In its appeal filed before the ALJ's supplemental ruling, DOS argued that its project meets regulatory noise standards. Although given an opportunity to do so, DOS did not file a supplemental brief on appeal specifically challenging the ALJ's supplemental ruling.

I conclude that the ALJ properly applied the substantive and significant standard in determining that noise issues are adjudicable. As the ALJ noted, intervenors identified deficiencies and omissions in DOS's noise analysis that reasonably require further inquiry. Accordingly, I affirm the ALJ's ruling that issues concerning DOS's compliance with the 6 NYCRR 360-1.14(p) noise standards for solid waste management facilities are adjudicable.

In its supplemental appeal brief, CHA argues that the noise standard for rural areas be applied. I conclude, however, that the ALJ correctly applied the urban standard to this facility (see Supplemental Issues Ruling, at 9). CHA's conclusory submissions are insufficient to raise an issue concerning whether the rural standard should be applied.

Waterfront Revitalization Program Consistency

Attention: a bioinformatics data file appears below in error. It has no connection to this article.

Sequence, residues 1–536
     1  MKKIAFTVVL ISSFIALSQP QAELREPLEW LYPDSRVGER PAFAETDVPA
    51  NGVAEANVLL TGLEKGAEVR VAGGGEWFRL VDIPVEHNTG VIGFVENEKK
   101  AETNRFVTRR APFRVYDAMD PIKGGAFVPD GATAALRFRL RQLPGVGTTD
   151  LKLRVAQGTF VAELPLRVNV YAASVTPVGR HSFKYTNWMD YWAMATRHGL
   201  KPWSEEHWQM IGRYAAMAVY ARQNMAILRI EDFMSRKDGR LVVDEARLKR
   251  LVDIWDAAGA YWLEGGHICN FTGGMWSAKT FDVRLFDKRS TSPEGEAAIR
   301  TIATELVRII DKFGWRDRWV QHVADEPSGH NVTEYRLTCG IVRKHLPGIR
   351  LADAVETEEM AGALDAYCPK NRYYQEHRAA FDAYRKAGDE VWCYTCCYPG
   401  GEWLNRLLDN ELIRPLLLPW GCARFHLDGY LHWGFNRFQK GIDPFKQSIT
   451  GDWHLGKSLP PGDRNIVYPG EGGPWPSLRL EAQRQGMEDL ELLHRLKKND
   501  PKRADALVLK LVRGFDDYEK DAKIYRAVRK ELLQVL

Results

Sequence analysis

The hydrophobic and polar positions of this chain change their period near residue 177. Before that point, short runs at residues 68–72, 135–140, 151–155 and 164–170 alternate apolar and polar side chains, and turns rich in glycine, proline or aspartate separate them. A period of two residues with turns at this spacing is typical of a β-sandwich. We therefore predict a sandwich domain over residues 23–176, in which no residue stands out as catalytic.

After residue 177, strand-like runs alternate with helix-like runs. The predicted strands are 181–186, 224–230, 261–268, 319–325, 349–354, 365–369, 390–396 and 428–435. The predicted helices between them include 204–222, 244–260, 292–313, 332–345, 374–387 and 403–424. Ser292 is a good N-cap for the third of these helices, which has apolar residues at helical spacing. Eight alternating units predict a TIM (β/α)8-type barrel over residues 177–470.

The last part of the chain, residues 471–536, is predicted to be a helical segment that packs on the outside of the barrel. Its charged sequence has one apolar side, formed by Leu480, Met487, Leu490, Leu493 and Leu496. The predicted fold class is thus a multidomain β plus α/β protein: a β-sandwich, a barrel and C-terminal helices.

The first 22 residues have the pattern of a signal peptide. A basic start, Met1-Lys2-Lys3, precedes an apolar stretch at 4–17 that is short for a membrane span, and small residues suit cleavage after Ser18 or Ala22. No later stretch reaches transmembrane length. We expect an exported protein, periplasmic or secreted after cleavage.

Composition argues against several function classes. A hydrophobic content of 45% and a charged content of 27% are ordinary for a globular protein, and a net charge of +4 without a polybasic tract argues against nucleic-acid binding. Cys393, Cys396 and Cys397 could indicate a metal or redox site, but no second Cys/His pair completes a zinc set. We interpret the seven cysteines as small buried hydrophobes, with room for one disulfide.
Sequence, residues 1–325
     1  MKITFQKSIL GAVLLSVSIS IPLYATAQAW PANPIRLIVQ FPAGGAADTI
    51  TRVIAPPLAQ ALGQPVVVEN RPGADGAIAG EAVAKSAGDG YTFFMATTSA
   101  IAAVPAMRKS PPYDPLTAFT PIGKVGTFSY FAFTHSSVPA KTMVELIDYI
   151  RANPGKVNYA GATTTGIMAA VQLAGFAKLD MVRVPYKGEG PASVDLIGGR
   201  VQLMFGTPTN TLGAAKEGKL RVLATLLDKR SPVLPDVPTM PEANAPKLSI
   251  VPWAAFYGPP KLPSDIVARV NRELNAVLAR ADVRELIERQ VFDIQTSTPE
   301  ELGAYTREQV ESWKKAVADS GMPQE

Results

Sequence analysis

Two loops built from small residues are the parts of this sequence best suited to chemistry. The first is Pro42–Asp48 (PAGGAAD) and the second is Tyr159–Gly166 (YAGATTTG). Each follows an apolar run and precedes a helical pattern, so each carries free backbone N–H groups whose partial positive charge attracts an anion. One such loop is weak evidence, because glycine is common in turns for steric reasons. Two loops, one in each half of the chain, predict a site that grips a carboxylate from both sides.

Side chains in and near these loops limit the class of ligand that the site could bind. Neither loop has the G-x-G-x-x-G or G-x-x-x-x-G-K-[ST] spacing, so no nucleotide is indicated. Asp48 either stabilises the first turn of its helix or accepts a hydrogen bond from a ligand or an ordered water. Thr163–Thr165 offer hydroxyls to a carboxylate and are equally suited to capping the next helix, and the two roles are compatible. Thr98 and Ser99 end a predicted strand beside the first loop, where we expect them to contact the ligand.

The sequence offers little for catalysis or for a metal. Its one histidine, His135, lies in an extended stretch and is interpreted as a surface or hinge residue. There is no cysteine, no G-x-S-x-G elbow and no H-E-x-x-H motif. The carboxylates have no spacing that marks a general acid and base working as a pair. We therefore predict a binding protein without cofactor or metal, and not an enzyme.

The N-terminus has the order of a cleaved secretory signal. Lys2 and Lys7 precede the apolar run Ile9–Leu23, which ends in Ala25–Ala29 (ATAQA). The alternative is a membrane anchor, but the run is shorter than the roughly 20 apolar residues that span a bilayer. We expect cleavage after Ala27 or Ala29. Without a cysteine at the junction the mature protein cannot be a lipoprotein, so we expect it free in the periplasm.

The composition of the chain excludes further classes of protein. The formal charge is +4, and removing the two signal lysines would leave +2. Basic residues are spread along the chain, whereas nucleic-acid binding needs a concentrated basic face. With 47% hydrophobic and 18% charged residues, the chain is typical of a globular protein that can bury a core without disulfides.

Where a proposed project is located within the coastal area, and a local waterfront revitalization program ("LWRP") for the area has been approved by the New York State Secretary of State, the Department is required to review the project's consistency with the purposes and policies of the approved LWRP. Specifically, where, as here, a determination is made pursuant to SEQRA that an action will not have a significant effect on the environment, and where the action is within the boundaries of an approved LWRP and is identified by the New York Secretary of State pursuant to Executive Law § 916(1)(a) as an action requiring consistency review, a State agency such as the Department must file a certification with the Secretary that the action will not substantially hinder the achievement of any of the policies and purposes of the applicable approved LWRP and, whenever practicable, will advance one or more of such policies (see 19 NYCRR 600.4[c]). If the action will substantially hinder the achievement of any policy or purpose of the applicable approved LWRP, the State agency must instead certify that (1) no reasonable alternatives exist which would permit the action to be taken in a manner which would not substantially hinder the achievement of such policy or purpose, (2) the action taken will minimize all adverse effects on the local policy and purpose to the maximum extent practicable, and (3) the action will result in an overriding regional or statewide public benefit (see id.).